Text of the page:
The album starts with a faithful cover of the Music Explosion's 'Little Bit O' Soul,' which sounds odd at first, but after a few listens, it makes sense. The other covers on this disc are 'I Need Your Love,' by local group the Boyfriends and the Chamber Brother's 'Time Has Come Today': the former is a throwaway, but sounds like it could have been a Ramones original, and 'Time Has Come Today' is a little too faithful to the original (Joey sounds like he is unsure how to sing it and alternates between a Mick Jagger impression and a kind of goofy sing-song melody), but it is far from the worst song they did and -like most of this album- it grows on you.
The real highlights here are Dee Dee's songs. While Joey seems to be re-treading the same melodies as the earlier album ('What'd You Do?' is simply a re-write of 'I Just Wanna Have Something To Do,' and 'My-My Kind of Girl' is 'I Wanna Be Your Boyfriend'), Dee Dee offers up some truly original compositions. 'Outsider' is one of the best songs in the Ramones catalogue as is the classic 'Psycho Therapy,' both of which make this disc required listening. Both songs combine the staple Ramones themes of alienation and mental illness with melodies as catchy as a baseball mitt and great production (dig how 'Psychotherapy' starts with that weird two-chord fade in, and then the album ends with the same effect as a fade-out for 'Everytime I Eat Vegetables It Makes Me Think of You'). Special mention must be given to Dee Dee's one-two punch of 'Highest Trails Above' and 'Somebody Like Me,' which are two of the best songs on here. 'Highest Trail Above' is musically progressive without loosing any of the Ramones punch that defined their earliest albums and also has the strangest acid-trip lyrics we've heard from the group before or since ('Through dragon mist, above alpine peaks/ To the cloudy lace, to the highest trails above'). The song leads right into my personal favorite here, 'Somebody Like Me': which again manages to recapture the glory of the band's past without sounding like a re-write of an older tune. Besides writing the album's best songs, Dee Dee also makes his lead vocal debut with 'Time Bomb.' He does a fine job on this tune that may be a little repetitive, but is a fine song anyway. The album closes out with Joey's 'Everytime I Eat Vegetables It Makes Me Think Of You,' which isn't nearly as clever as you would hope from the title.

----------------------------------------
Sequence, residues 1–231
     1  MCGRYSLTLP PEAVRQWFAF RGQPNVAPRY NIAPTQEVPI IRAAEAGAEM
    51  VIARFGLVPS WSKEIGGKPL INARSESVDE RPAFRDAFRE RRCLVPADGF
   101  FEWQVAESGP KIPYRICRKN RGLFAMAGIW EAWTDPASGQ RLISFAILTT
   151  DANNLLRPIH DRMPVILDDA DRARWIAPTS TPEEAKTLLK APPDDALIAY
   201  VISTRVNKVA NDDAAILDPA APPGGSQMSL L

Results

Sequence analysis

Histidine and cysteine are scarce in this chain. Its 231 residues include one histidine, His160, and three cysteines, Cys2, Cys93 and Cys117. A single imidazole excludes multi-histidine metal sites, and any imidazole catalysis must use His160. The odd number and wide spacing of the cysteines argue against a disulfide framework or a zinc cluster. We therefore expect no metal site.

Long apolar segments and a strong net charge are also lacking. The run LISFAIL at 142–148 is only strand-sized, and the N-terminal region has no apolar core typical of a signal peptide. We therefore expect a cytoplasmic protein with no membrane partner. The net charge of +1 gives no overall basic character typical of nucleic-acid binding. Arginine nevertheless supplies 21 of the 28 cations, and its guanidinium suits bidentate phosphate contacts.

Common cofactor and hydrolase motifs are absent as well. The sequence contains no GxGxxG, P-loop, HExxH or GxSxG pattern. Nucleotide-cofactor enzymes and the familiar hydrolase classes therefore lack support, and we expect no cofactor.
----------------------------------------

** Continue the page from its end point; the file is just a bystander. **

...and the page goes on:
Aside from that last tune and 'Time Has Come Today,' this is a surprisingly solid album. Sure, the production is kind of uneven, but any disc with 'Outsider,' 'Psycho Therapy,' 'Somebody Like Me,' and 'Highest Trails Above' can hardly be considered a failure. Much like Pleasant Dreams, Subterranean Jungle is a criminally overlooked part of the band's catalogue: it straddles the line between hard rock and pop in the way only the Ramones could. The re-issue includes demos for songs that didn't make the cut for obvious reasons (i.e. they're not that good) as well the band's cover of 1910 Fruitgum Co.'s 'Indian Giver,' which would have been a much better choice for the album than 'Time Has Come Today.'
The failure of the Ramones to hit the charts, as well as negative reactions to their last two records (which were, in fact, great!), lead to the group striving to make music on their own terms and ignore mainstream success. This lead to the recording of the much lauded 1984 album Too Tough To Die. Critics and fans may praise this album as a 'return to form' for the band and being the actual follow-up to 1979's Road To Ruin as if the three albums in between never happened. Personally, I don't hear it that way. This is by far the most uneven of these four re-issues: it shifts from moody, slow songs with strong political commentary to fast paced punk. The problem here is that those first four Ramones had neither of those things: the band was never political and were never a hardcore punk band. In fact, the best songs on here are pop songs (with keyboards and everything).
See, regardless of what people think, the Ramones really did change their sound and style. Those shifts are related to the drummers they had during those periods: Tommy had a straight ahead punk style, Marky was more surf-pop oriented, and here Richie Ramone is a generic hard rock drummer. This album suffers as being a transition point between the albums with Marky and the ones with Richie which follow.